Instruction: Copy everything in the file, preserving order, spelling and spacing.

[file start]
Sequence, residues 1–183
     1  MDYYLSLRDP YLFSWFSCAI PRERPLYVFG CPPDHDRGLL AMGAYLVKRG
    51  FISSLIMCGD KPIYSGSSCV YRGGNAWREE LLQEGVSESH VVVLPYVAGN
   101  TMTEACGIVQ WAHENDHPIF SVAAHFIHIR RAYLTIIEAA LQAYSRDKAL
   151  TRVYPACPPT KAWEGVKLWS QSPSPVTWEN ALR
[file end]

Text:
Sequence, residues 1–183
     1  MDYYLSLRDP YLFSWFSCAI PRERPLYVFG CPPDHDRGLL AMGAYLVKRG
    51  FISSLIMCGD KPIYSGSSCV YRGGNAWREE LLQEGVSESH VVVLPYVAGN
   101  TMTEACGIVQ WAHENDHPIF SVAAHFIHIR RAYLTIIEAA LQAYSRDKAL
   151  TRVYPACPPT KAWEGVKLWS QSPSPVTWEN ALR